In our work on behalf of consumers, lawyers in the firm come across defective products on a regular basis. In most of these cases, the manufacturers of the products know the dangers, but they place making a profit over the safety of the public. I was struck recently when Stephen Stetson, who works with the Arise Citizens’ Policy Project, characterized payday loans at faulty products. I must say that his was a very accurate comparison. By design, payday loans encourage repeat borrowing, trap borrowers in a cycle of debt with exorbitant interest rates, and damage not only individuals but the communities in which they live.
In Alabama, payday lending companies are allowed to charge interest and fees that amount to an APR as high as 461 percent. If a borrower has any trouble paying back the loan on time, the interest and fees are compounded, creating a cycle of debt that is very difficult to break. The average payday loan is $525. Most borrowers who use these payday lenders become indebted to them for more than five months. A $500 loan can end up costing the borrower more than $1000 in interest and fees. Statistics also show that about 80 percent of payday loans are taken out to pay for another payday loan. And the cycle continues.
Twenty-two states have passed laws regulating the payday lending industry, but Alabama remains a predatory lender’s dream. AL.com reports the only states with more payday lenders per capita than Alabama are Oklahoma, South Carolina, Louisiana and Mississippi. Here, lenders pay state legislators thousands of dollars in campaign funds in exchange for rules that are very pro-industry but destructively anti-consumer. A recent investigation by AL.com revealed every member of the Alabama Senate’s banking committee received campaign contributions from payday lending companies totaling $116,000. Members of the House Financial Services Committee received a combined $97,000 from these businesses.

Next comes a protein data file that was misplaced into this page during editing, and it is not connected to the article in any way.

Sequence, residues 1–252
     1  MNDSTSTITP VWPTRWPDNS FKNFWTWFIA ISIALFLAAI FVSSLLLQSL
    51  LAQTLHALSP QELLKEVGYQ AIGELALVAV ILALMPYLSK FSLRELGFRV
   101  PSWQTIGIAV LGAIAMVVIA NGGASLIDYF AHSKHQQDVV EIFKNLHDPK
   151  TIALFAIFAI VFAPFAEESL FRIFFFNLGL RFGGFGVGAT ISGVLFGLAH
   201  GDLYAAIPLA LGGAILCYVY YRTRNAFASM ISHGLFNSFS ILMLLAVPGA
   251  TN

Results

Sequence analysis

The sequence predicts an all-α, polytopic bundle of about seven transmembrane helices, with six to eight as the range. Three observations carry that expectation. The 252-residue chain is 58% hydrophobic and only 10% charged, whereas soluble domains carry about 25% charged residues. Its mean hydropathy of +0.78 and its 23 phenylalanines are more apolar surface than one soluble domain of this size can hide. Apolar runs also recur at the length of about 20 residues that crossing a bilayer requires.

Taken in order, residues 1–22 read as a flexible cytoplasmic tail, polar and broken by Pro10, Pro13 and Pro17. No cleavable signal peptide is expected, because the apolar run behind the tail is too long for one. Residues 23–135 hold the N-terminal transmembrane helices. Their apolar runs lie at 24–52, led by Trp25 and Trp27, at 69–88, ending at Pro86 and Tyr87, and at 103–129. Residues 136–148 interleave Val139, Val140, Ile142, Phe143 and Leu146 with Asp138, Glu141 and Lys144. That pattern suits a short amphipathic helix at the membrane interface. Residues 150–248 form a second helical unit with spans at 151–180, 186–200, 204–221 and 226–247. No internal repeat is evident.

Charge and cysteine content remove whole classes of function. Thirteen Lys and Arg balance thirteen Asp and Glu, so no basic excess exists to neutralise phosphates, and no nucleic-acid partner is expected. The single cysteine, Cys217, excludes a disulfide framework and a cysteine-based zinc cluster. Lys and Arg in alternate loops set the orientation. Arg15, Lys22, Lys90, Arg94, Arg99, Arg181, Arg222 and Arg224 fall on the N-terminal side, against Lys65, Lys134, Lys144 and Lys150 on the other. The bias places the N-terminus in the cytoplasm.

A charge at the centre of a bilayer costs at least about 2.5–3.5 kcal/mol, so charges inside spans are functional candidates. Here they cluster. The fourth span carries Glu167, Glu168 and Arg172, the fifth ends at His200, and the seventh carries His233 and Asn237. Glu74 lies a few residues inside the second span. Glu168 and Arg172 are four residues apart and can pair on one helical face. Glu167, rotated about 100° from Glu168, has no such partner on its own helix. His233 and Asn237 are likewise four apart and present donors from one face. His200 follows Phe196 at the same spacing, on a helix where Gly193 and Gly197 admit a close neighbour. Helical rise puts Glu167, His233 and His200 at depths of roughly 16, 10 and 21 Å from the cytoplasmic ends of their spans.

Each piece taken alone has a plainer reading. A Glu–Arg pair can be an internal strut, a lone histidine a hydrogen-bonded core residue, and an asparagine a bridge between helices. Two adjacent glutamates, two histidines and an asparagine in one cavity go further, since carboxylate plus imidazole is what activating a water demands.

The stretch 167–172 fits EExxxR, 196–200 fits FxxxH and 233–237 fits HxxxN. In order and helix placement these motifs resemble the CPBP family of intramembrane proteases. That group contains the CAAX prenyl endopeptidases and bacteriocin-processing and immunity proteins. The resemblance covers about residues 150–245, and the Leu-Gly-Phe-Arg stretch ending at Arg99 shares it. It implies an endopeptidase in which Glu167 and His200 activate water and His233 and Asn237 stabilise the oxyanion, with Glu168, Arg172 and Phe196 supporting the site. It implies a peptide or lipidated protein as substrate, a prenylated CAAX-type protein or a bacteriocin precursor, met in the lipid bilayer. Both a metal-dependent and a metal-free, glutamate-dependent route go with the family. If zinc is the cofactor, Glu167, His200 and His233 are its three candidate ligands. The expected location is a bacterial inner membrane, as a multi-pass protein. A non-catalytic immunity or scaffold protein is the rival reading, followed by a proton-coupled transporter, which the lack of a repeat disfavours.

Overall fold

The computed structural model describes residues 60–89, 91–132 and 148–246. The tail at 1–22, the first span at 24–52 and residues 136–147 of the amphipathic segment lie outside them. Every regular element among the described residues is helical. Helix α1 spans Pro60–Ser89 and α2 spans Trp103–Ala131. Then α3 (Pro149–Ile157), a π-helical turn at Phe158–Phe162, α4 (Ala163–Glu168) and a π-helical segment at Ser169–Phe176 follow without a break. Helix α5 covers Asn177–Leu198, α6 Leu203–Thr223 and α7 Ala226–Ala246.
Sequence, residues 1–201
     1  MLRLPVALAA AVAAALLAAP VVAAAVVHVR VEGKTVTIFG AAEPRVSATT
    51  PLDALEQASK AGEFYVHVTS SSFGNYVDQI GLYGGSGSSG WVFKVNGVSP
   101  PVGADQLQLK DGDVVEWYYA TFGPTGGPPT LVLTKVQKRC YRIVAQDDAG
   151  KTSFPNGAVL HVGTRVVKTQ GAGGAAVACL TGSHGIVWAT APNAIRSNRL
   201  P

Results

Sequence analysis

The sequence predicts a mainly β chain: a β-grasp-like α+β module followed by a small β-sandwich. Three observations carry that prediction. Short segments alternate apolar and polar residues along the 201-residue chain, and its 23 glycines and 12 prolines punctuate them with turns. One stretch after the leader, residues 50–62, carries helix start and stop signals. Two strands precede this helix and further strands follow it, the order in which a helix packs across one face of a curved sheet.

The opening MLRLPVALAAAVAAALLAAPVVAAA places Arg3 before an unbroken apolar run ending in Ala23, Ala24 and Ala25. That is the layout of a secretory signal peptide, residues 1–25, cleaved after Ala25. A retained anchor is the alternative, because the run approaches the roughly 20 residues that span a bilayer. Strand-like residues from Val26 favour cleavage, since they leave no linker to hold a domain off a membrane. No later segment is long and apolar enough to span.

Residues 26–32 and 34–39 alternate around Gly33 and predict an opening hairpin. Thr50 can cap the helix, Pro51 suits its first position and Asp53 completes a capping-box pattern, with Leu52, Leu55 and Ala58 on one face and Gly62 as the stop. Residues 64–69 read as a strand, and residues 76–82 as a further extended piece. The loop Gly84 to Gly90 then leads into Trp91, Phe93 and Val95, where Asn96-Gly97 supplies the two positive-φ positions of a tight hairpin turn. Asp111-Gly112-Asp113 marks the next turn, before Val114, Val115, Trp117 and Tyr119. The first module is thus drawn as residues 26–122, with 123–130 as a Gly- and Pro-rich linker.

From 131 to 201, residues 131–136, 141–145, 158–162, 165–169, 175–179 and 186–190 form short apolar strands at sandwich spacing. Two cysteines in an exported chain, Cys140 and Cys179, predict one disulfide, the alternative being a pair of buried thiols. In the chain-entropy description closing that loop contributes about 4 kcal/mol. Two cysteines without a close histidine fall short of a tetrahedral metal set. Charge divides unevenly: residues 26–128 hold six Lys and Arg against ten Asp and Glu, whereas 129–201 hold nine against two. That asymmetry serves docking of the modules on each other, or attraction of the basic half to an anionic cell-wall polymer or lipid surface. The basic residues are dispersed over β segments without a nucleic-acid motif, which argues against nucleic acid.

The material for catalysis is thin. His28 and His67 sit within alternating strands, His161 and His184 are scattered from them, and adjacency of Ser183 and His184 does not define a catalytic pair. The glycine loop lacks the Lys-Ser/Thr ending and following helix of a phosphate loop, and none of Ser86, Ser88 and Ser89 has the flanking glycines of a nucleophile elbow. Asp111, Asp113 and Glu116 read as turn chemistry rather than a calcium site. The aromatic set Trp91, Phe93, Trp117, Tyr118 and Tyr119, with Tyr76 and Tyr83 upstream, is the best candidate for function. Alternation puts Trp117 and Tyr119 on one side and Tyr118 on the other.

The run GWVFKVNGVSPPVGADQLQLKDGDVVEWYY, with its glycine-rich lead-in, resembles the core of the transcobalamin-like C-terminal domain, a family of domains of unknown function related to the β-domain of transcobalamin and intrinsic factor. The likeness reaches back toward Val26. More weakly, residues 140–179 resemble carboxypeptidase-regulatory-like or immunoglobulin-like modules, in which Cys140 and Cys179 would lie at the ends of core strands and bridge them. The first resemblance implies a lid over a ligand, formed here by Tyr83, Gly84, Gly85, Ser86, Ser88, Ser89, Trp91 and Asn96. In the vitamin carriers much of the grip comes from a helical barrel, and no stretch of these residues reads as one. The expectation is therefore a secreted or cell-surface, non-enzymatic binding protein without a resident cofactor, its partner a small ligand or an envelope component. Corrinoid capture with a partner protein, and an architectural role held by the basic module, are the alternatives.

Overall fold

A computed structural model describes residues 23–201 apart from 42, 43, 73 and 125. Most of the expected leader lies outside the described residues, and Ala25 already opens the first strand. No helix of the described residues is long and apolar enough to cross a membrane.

Some progress has been made. A bill cleared a committee in the Alabama Senate last month that would require payday loan companies to give customers at least six months to pay off a loan, with a maximum APR of 115 percent. Currently, payday lenders can require loans to be paid back in as little as 10 days, and typically between 14 to 30 days, while accruing annual percentage rates of up to 456 percent. Most organizations calling for payday lending reform want to cap interest rates at 36 percent, but so far all those proposals have been defeated by the payday lending industry.
The bill, sponsored by Sen. Arthur Orr (R-Decatur) is said to be a compromise that would allow payday lenders to stay in business while trying to help borrowers actually pay back what they owe. Any lender who can’t make a heathy profit charging 115 percent interest would have to be “dumb as dirt.” Hopefully, this bill will also provide some badly needed protections for folks who borrow from payday lenders. The legislation is said to be modeled after similar legislation that passed in Colorado. Reportedly, that state subsequently saw a decline in payday loans from $95.1 million to $54.8 million; defaults on loans dropped by 23 percent; and the number of borrowers fell by 7 percent. I would want to check out the media reports before taking this as 100 percent accurate. About half the payday loan operators in the state closed and that was a good thing.
Ten states currently ban payday loans. More than 20 cities in Alabama have adopted ordinances restricting payday and title loan operations. Hopefully, the Alabama Legislature will pass some really tough laws that will protect the victims of the payday lenders. The cartoon below, which was illustrated by J.D. Crowe, describes without words the plight of folks dealing with the payday lenders extremely well.
Illustration by J.D. Crowe, Alabama Media Group
Our firm’s experience in litigation with the payday lenders has convinced me that the states that ban these loan sharks are doing the right thing. I only wish the Alabama Legislature would either follow that lead or at least pass strong laws to control the out-of-control loan sharks called payday lenders.
Sources: AL.com, Montgomery Advertiser
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